Scientists have yet to invent a smell detector as sensitive and practical as a dog’s wet nose.
So researchers have turned to man’s best friend for a little help in sniffing out pests, such as citrus canker, that are difficult or impossible to spot in the field.
Even the best trained human scouts looking for signs of canker on leaves, stems or fruit in trees are no match for canines and their ability to pick up the faintest of scents.
Humans have been relying on dogs for many years to find lost people, track escaped convicts, detect narcotics or contraband, trail deer and other animals for hunters. Their feats of odor detection have amazed people for millennia.
In more recent years, dogs have been recruited to sniff out termites, bedbugs, mealybugs, gypsy moth larvae, screw worms and other agricultural pests.
Now add citrus canker to the list, and, most likely, citrus greening, says Tim Gottwald, a senior scientist with the U.S. Department of Agriculture’s Horticultural Research Laboratory in Fort Pierce. Gottwald received a $50,000 grant to oversee a feasibility study for canine canker detection.
Although the research is still underway, he says the early evidence supports the concept.
“We’ve found them to be 97 to 99 percent accurate detecting canker in fields with randomized, potted trees in the ground— tests at various levels of canker,” Gottwald says. “They miss very few. I guess we shouldn’t be surprised,” he notes, based on the long history of dogs and their well-documented olfactory powers.
USDA research into canine canker detection began as early as 1999, but the work was interrupted when the Sept. 11, 2001, terrorist attacks shifted priorities nationwide. Security at airports, seaports and other locations took precedence, and every dog that could be drafted for the effort was rushed into service.
Now that the citrus research has resumed as a result of the USDA grant in 2010, a trio of dogs has been undergoing training and testing in a variety of settings at a citrus research site in north Florida and in Fort Pierce.
The dogs participating in the research are owned by J&K Canine Academy, a nationally recognized pest-detection and behavioral training school in Alachua County near Gainesville.
The University of Florida’s Institute of Food and Agricultural Sciences worked with J&K Canine Academy in the 1990s to develop teams of termite-detection dogs, capable of locating subterranean termites and other hard-tofind types.
Private pest control companies have since incorporated canines into their home and property inspection programs. More recently, J&K Canine Academy trainers have been busy teaching dogs to find bedbugs, as those tiny pests have become a recurrent problem in hotels and homes.
Technique worked ‘quite well.’
In California, family-owned Honig Vineyard and Winery proved that trained dogs could reliably detect mealybugs in vineyards even when the tiny pests could not be seen. Dogs picked up the scent of mealybug pheromones on individual vines, giving vineyard managers a tool for fine tuning their pest control, says Michael Honig.
“It worked quite well,” he says, as long as the amount of acreage covered by the dogs at any given time was limited. “They get tired if you try to cover hundreds of acres,” and accuracy declines.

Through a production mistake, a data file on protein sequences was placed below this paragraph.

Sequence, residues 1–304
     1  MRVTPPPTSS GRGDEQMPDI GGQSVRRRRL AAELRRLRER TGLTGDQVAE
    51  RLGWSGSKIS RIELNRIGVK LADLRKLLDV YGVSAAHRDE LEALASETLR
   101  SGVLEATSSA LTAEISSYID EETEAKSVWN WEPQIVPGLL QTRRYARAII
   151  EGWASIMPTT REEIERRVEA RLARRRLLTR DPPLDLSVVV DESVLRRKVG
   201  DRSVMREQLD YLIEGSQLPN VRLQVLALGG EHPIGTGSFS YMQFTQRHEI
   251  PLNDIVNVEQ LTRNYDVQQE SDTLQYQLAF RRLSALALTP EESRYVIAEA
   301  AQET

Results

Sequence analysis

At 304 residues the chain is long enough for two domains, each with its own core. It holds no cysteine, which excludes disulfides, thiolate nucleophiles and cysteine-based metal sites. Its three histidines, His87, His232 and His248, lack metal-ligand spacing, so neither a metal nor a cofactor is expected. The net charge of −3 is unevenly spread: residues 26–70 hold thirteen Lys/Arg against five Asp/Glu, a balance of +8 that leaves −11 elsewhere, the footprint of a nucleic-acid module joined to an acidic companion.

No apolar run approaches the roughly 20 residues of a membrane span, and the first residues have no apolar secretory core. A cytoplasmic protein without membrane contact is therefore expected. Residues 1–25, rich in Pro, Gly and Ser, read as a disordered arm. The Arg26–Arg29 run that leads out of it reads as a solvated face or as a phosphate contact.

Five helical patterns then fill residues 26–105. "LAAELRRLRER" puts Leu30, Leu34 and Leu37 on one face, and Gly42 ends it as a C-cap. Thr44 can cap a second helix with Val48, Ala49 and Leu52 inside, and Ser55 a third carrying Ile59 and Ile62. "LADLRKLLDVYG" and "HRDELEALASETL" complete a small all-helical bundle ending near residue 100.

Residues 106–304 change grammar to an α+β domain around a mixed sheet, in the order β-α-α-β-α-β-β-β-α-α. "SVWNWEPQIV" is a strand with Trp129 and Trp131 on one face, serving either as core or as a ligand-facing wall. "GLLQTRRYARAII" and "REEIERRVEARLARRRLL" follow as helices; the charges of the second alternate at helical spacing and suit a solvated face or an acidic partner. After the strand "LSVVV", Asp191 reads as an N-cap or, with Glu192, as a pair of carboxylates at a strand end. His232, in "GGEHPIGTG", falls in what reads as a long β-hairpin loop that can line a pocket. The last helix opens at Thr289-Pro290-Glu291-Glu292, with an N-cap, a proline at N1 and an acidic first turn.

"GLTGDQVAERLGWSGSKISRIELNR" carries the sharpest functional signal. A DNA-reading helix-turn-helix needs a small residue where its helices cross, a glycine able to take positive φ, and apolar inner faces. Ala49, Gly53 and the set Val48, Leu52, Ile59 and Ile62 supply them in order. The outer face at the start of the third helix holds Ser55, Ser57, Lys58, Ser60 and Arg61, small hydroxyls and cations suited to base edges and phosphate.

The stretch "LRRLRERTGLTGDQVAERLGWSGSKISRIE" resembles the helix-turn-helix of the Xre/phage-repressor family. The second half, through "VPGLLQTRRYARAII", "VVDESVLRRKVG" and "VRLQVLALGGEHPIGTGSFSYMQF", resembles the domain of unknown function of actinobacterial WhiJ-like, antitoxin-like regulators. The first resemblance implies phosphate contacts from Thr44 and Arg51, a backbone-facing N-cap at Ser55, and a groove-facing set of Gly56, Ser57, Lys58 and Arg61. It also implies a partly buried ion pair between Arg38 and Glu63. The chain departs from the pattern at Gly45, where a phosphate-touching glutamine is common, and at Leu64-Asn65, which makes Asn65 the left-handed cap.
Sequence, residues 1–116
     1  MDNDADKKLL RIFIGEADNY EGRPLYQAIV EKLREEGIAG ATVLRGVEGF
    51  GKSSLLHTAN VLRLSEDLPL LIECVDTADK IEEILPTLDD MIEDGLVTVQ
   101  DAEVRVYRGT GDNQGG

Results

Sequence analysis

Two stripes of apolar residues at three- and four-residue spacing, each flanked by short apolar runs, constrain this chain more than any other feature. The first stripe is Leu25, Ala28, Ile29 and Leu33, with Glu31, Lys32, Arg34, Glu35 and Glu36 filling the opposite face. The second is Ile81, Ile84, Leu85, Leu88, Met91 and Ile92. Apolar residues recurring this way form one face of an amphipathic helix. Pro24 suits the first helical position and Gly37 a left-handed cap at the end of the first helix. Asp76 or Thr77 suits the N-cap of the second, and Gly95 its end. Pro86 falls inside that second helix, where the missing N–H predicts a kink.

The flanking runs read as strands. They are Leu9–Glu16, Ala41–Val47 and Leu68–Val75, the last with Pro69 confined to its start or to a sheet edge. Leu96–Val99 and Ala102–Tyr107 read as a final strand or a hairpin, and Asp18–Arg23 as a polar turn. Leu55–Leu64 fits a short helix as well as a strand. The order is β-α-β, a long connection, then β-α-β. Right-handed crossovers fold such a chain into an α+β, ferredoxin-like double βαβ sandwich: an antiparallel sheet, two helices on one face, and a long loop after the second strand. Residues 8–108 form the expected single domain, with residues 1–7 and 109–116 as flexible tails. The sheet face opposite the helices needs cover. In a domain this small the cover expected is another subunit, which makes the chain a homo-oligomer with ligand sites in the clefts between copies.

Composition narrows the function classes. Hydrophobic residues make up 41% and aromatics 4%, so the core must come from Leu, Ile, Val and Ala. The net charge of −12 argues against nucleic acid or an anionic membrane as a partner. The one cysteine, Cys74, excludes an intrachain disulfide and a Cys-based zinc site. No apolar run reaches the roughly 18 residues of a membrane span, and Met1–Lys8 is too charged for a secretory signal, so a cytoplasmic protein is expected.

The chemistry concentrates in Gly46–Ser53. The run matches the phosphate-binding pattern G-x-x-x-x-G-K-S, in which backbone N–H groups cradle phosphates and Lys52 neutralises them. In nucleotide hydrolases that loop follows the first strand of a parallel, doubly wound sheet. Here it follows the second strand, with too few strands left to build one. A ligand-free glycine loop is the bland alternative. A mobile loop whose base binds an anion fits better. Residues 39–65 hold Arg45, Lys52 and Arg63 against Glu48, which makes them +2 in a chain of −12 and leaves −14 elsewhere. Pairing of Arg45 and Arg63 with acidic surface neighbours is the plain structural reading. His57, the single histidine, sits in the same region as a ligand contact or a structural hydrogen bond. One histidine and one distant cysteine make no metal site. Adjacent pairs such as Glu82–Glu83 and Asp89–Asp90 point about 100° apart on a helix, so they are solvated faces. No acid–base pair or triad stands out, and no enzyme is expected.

As mealybug control in Napa Valley has improved significantly in recent years, Honig says the vineyard dog patrol is no longer used.
Dogs on patrol
In the Florida field tests, researchers have been transporting the dogs in training with commonly used grove vehicles, moving slowly through the rows while the canines sniff the air.
Citrus growers and industry leaders are searching for ways to survive the constant pressure from the spread of canker and greening, also known as huanglongbing or HLB.
If pest detector dogs eventually move from the laboratory and testing to actual field work, assisting humans as they scout the groves, “that would be wonderful,” says Donna Garren, executive director of the Florida Gift Fruit Shippers Association, based in Orlando.
“It would be an all natural method” of early pest detection, says Garren, whose association members ship more than 9.5 million pounds of fresh grapefruit, navels and other varieties annually during the winter holiday season.
Vero Beach citrus grower Louis Schacht, one of 38 grower-members of the gift-fruit shippers association, also applauds the canine research but remains skeptical about whether the concept will ever prove to be practical on a large scale.
“You would need a lot of dogs” to cover even a fraction of Florida’s more than 540,000 acres of citrus trees, he says.
Schacht says he and neighboring citrus growers already coordinate their pest control efforts and probably would consider pooling resources to pay for a pest-detector dog if they became commercially available and widely used.
“For greening, it would be really helpful,” Schacht says, “because it’s even harder to spot [visually] than canker.”
USDA researchers are not as far along with their work on greening detection as with canker, in part because of the technical challenges in establishing positive and negative plants for training and testing the dogs.
There are many other challenges as well.
Dogs tend to report more false positives for canker than false negatives. And in at least some cases of false positives—dogs indicating canker when the test-tree was known to be disease free—researchers later determined that a canker-infected tree was once on the site.
In enclosed areas, such as a citrus packinghouse, the dogs have been particularly adept at detecting even individual pieces of fruit that have canker. Still, their accuracy diminishes rapidly if the dogs get too hot and begin panting.
“It’s still not ready for prime time,” Gottwald says of citrus pest detector dogs as a commercially viable technique. “We need a lot more data and we need to see all of the caveats."